Since traditional RV toilets have black tanks with a much higher capacity, you will have to dump less frequently, but they take up a lot more room.
And when you do dump, you use a sewer hose so you don’t have to be face to face with your waste like you do when dumping a cassette toilet’s tank.
A lot of the decision here comes down to how much space you want your toilet to take up (traditional toilets and holding tanks take up way more space), how often you want to dump, and if you’re okay dealing with your waste face to face.
Features to Look for in Cassette Toilets
Before you go shopping for a cassette toilet, you’ll want to keep some features in mind. The very best cassette toilets would have all of these features:
When your holding tank is full, the fill indicator on your toilet will light up to let you know that it’s time to empty. The fill indicator will also indicate if the fresh water tank used for flushing is full, or needs to be refilled.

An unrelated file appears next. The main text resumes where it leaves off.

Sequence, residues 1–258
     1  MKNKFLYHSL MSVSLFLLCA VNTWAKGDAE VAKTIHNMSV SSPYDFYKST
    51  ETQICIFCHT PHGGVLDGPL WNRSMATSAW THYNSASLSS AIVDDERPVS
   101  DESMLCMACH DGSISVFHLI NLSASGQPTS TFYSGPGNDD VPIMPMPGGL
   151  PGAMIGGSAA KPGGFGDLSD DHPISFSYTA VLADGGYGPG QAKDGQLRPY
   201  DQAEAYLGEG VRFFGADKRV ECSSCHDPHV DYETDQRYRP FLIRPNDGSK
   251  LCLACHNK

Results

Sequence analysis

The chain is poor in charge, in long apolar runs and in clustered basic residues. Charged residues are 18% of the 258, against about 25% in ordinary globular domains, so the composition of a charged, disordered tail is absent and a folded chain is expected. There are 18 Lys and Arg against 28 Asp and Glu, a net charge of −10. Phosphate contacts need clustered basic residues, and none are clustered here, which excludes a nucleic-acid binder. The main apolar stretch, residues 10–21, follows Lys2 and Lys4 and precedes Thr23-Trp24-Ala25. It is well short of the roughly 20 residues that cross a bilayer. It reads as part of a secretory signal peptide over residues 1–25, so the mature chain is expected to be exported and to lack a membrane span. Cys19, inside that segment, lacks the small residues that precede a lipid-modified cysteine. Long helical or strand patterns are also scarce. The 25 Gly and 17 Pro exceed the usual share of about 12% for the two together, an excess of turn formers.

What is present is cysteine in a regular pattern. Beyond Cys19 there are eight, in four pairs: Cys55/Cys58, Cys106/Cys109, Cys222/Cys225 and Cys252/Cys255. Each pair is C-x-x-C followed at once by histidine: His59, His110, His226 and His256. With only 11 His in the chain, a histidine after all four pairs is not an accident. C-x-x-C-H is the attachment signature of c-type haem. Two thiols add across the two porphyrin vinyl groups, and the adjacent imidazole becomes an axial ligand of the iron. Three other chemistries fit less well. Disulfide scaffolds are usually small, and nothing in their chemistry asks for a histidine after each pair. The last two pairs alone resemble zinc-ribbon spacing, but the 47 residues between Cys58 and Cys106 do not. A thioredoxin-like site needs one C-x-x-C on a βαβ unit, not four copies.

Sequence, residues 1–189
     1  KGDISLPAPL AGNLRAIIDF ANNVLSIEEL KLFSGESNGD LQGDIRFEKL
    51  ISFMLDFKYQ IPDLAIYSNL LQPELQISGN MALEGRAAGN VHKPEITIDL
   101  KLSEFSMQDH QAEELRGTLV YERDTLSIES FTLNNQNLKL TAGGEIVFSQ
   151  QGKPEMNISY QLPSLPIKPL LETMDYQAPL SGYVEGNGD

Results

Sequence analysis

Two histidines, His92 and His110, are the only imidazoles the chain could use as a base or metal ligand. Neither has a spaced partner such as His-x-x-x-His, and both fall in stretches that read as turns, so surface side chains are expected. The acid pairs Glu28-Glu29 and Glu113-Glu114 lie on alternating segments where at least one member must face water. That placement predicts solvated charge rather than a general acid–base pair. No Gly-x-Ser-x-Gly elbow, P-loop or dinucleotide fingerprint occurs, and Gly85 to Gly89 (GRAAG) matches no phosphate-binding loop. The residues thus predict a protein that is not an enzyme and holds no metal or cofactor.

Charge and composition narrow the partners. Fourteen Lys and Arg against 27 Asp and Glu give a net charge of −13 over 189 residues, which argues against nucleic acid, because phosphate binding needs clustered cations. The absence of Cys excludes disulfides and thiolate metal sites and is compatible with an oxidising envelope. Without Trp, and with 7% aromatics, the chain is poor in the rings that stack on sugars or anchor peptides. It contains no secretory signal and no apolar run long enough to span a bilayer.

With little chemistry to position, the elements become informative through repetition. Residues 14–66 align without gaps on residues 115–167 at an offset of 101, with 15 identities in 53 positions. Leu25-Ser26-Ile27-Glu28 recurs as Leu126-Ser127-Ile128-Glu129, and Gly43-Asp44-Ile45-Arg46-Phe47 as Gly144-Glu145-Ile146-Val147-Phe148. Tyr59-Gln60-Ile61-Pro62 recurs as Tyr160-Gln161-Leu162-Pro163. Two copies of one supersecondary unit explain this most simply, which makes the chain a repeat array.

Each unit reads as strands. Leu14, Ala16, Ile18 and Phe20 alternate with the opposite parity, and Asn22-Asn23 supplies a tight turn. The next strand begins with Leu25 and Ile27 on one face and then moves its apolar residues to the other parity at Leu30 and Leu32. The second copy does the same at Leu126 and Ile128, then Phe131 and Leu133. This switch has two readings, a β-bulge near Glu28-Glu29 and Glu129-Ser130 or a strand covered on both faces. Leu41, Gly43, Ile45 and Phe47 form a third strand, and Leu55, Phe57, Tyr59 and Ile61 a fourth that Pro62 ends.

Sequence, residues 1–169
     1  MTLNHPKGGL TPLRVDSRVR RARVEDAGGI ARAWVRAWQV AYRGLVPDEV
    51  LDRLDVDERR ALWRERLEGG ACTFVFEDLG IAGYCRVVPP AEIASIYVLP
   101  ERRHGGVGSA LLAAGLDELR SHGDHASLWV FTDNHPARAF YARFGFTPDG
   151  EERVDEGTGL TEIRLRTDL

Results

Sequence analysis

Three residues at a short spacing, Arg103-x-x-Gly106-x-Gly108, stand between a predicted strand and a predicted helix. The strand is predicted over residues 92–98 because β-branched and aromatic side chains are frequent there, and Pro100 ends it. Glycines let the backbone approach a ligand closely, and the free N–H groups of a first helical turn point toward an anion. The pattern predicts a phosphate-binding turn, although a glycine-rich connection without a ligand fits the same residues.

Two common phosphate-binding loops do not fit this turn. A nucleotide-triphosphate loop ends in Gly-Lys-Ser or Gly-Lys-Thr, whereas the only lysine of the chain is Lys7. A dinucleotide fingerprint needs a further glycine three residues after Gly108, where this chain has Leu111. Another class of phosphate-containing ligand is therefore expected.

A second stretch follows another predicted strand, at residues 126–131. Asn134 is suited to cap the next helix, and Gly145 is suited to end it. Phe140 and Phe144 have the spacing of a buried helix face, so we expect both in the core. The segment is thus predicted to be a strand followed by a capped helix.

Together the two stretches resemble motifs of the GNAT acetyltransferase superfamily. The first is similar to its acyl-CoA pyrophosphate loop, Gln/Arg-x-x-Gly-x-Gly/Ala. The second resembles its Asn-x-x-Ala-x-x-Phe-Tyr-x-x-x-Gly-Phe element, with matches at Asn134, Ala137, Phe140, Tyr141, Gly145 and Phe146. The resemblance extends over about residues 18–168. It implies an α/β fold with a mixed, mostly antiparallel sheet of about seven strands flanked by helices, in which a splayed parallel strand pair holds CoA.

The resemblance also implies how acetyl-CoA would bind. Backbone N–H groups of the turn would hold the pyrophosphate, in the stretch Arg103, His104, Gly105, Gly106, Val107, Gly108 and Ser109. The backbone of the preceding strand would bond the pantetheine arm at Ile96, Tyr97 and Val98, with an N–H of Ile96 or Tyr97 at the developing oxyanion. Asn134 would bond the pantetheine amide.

Having a fill indicator is a super helpful thing to prevent messy overflows, and keep the toilet clean.
Although this may seem like a luxury feature, there are tons of reasonably-priced cartridge toilets out there that have fill indicators.
The best cassette toilets will have an air-tight lock between the holding tanks and the lid. This can help prevent smells, as well as avoid any waste from splashing back up into the bowl and all over your RV.
The toilet lid should also lock down to the toilet seat to further prevent any messes while driving.
Holding Tank With Wheels and a Handle
Depending on your usage, having a cassette tank typically means you’ll be dumping it pretty often, so this process should be as easy as possible.